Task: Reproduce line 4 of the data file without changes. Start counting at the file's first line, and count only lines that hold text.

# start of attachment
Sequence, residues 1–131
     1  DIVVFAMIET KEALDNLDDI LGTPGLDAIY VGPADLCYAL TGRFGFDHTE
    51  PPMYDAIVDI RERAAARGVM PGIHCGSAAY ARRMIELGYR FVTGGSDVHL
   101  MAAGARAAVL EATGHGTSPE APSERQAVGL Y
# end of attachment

   101  MAAGARAAVL EATGHGTSPE APSERQAVGL Y